Action Comics #901

Last updated on May 31st, 2013 at 09:48 am

Writer: Paul Cornell

Artist: Kenneth Rocafort (p. 1-10, 18-20), Jesus Merino (p.11-17)

Colours: Brad Anderson

Letterer: Rob Leigh

Cover: Kenneth Rocafort; Dan Jurgens and Andrew Dalhouse (variant)

Publisher: DC comics

 

This week I’m looking at Action Comics #901, which is also part one of the Reign of the Doomsdays story arc. How was it? Onward-ho!

Synopsis

Doomsday is upon Superman and his kryptonian compatriots. Facing an onslaught of Doomsdays, Superman and his friends try to escape their perpetual prison while trying to save the life of the one creature to have killed the Man of Steel: the original Doomsday.

What’s the Story?

Facing down the Cyborg Superman and a trio of Doomsday clones, Superman, Superboy, Supergirl, Steel and Eradicator attempt to escape from their imminent danger with the original Doomsday in tow. Superman reaches deep into the Cyborg’s chest plate and removes his power source, promising to later return it to the character (who so happens to be in eternal pursuit of his existence’s end). The Super-folk make their exit along with the unconscious Doomsday to a more secure area.

Superman shuts down the Cyborg

The group tries to draw up a battle plan to deal with the forthcoming onslaught, but are interrupted by the trio of Doomsday clones. They blow right through the blast doors and attack the Super-folks. Superman handily beats down the clones, and is quickly joined by his friends. Together they defeat them, yet back on earth at the USAF Command base in Colorado we learn the planet is 10 minutes from a planetary extinction event. President Obama issues a national address calling for Superman to aid his country at its greatest time of need. Back on the space station, the Super-crew realize the station is moving closer to the earth. As they frantically try to find a way to alter its course, Doomslayer appears and tells them the earth must be destroyed. Eradicator interjects but is no match for the Doomslayer as the Super-folks can only watch on in horror.

The Pretty, Pretty Pictures

President Obama needs you, Superman. Dance monkey!

Despite not enjoying books where the art is split between two different artists I felt like the artworkwas fairly good.  I liked how Rocafort composed the panels over the first few pages of the issue. The panels are misshapen and a little unorthodox in how they’re laid out, often slanted differently or oddly shaped altogether. I also enjoyed how Rocafort didn’t marry himself to panel conventions in avoiding by-the-numbers rectangular panel layouts. It’s a little bit more dynamic this way and helped keep my attention. I liked Rocafort’s work towards the end of the first ten pages as well, noting again how the panels were laid out while the visual sound effects were a fun touch to the work. Rocafort again contributes to the final few pages with much of the same, ending the issue focused on the Doomslayer while smaller panels of each remaining Super-person are scattered about the outside of the page.

Where Rocafort’s pencils are concerned I felt they were good, but there were instances in the issue where Superman was drawn awkwardly. At the bottom of page three Superman looks as though he had been pieced together with others’ various body parts. It seems as though the body parts don’t fit together properly. There were also panels where Superman was penciled with features that were perhaps too sharp and defined, especially around his face.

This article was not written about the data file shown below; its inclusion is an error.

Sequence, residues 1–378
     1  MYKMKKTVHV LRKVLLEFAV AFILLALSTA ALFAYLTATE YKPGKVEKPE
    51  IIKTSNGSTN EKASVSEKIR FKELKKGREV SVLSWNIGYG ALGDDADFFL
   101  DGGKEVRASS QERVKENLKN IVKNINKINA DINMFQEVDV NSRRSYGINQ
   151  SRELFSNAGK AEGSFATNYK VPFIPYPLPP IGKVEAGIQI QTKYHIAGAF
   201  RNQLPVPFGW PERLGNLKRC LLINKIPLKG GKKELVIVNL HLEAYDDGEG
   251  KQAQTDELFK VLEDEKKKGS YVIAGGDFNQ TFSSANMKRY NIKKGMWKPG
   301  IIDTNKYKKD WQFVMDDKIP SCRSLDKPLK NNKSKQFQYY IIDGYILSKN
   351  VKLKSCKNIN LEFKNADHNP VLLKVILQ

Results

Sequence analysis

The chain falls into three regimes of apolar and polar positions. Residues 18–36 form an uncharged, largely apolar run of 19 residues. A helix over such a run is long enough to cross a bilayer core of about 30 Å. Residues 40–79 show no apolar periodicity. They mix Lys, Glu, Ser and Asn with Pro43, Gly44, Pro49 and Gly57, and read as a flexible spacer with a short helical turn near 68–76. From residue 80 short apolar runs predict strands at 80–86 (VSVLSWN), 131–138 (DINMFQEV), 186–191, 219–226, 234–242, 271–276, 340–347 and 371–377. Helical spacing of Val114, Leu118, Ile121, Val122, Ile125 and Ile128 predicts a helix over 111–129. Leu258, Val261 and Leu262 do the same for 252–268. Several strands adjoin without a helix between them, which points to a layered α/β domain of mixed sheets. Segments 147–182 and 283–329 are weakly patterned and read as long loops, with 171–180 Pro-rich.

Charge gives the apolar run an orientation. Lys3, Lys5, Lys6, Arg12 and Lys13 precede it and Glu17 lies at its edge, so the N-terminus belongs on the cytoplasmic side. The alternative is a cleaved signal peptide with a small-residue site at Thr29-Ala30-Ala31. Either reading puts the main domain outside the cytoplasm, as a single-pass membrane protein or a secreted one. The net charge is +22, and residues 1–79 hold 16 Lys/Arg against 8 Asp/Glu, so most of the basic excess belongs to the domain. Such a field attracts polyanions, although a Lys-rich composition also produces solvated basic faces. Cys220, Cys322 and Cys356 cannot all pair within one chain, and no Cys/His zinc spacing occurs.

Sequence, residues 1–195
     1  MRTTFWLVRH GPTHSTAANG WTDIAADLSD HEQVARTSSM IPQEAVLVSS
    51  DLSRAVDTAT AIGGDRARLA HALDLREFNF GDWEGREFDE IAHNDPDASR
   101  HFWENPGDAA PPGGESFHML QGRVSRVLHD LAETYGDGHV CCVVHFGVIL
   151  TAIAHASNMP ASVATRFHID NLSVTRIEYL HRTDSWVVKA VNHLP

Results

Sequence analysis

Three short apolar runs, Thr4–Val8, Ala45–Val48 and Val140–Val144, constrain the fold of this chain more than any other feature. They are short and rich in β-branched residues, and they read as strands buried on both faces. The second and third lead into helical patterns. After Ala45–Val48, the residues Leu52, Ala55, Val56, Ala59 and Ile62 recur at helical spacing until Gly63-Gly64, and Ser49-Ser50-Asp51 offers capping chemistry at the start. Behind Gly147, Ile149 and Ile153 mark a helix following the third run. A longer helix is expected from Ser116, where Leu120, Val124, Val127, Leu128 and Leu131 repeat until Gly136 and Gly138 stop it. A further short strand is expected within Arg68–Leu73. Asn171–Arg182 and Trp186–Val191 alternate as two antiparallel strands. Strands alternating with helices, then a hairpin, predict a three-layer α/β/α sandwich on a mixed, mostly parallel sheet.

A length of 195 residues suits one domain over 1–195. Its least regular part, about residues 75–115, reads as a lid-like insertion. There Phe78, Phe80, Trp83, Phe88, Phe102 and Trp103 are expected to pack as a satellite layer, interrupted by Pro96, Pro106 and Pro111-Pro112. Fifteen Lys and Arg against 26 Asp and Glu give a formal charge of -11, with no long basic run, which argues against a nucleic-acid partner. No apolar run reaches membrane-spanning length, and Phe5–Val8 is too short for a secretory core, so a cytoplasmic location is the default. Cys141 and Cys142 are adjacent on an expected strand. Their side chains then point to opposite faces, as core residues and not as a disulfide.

Supergirl outs her cousin for being a swell guy

Merino’s offerings pale by comparison though. His panels are much more conventional and straight forward compared to Rocafort’s, making them a little bit less interesting comparatively. While he did offer a good page or two, nothing about his work on this issue really drew me in. His contributions to this book were altogether underwhelming and it left me wishing Rocafort could have penciled the entire issue instead of breaking up the artistic assignment. While combined the artwork was good, it felt lacking and disjointed stemming from one too many artistic stamps or hallmarks.

 

 

Meet Doomslayer

 

 

Overall Thoughts

Having no foreknowledge of the arc, I felt as though Cornell’s Reign of the Doomsdays story was painfully lacking. The issue picks-up rather abruptly mid-action, and without a proper introduction to the story up to this juncture, I was left scratching my head as to who was whom, and what precisely was going on. Cornell’s presumptuous writing in this issue writes its way into corner it can’t fight out of no matter how mean and nasty of a Doomsday you are. For an issue that is supposed to “part 1” this issue fails to bring me in as a new reader and because I had to work to understand what was happening in the story, it was not an enjoyable read.

Moreover Cornell’s actual dialogue was overly cheesy and reminiscent of the “aw shucks” Superman stories of yesterday. With “you got me” exchanges like those between Supergirl and Superman, or Superman’s own monologue about securing the Doomsdays on the space station where they can’t hurt anyone except himself and his Superfriends, it’s as painful to read as forcefully patriotic calls to action from the President of the United States are to hear. In the proceeding dialogue Superman scoffs at his own “defeatist” and martyring attitude. The cheesy dialogue feels overwrought and forced, which combined with the storyline as a whole which contains elements from Justice League Heroes, creates a forgettable read altogether.

Andrew Ardizzi Written by:

Andrew Ardizzi is an honours graduate of journalism from Humber College, and is currently working out of Toronto as a freelance writer and editor. He's also the Senior Editor at Crystal Fractal Comics. You can find him at his blog, or follow him on Twitter.

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